Jon Stewart leaves the Daily Show, underscores importance of family time

Jon Stewart shocked Daily Show audience members this week when he announced news of his departure after 17 years, but he also reminded his fans of something very important. In talking about what's ahead, he said, "I'm gonna have dinner, on a school night, with my family... who, I have heard from multiple sources, are lovely people."

The Work/Life Balance Struggle

Not everyone has the hectic life of a TV and movie celebrity, but many of us still struggle to balance work and family commitments. The University of Maine Extension points out that half of families have both partners working, which means that both men and women struggle to spend quality time with their families while still maintaining their employment.

Fortunately, more people are recognizing the importance of finding a happy medium in the work-life balance spectrum. There are many strategies to help you maintain your job while still honoring your family commitments. Check out these tips for managing your time more effectively in business. When you're more productive on the job, you don't have to work late and are less likely to bring home work stress that can distract you during family time.

Once you get work under control, schedule time with your family and place as much importance on those "appointments" as you do on business meetings. If your children have activities on certain nights of the week, block out those nights on your calendar and make that time non-negotiable for work. Commit to spending a certain amount of time with your kids and spouse each week. Turn off your cell phone so you're fully present. Modern technology makes it too easy for work to intrude on free time unless you prevent it.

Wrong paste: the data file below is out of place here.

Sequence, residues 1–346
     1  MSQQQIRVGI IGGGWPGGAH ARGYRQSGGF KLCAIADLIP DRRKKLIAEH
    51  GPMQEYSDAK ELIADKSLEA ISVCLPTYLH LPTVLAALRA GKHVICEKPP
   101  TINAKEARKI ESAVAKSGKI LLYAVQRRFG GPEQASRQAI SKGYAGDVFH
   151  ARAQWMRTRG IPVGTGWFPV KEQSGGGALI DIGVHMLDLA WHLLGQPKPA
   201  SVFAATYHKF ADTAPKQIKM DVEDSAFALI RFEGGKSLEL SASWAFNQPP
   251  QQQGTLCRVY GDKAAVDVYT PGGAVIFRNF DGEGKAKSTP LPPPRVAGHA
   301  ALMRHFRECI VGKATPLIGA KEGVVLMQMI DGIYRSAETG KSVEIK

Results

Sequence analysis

Use Exercise to Burn Off Stress

If you feel stressed out by trying to maintain the work/family balance, use stress management techniques. One of the best ways to handle the situation is with exercise. A study by researchers at St. Leo University in Florida found that moderate exercise helped participants do better at handling home conflicts. According to study author Russell Clayton, " go for a two-mile jog or walk 10 flights of steps at work and feel good about yourself for doing that, it will translate and carry over into other areas of life."

If your struggles to maintain a balanced life are more than you can handle, find a therapist to help with the process. You can do individual sessions or couples counseling if you think that involving your partner will help.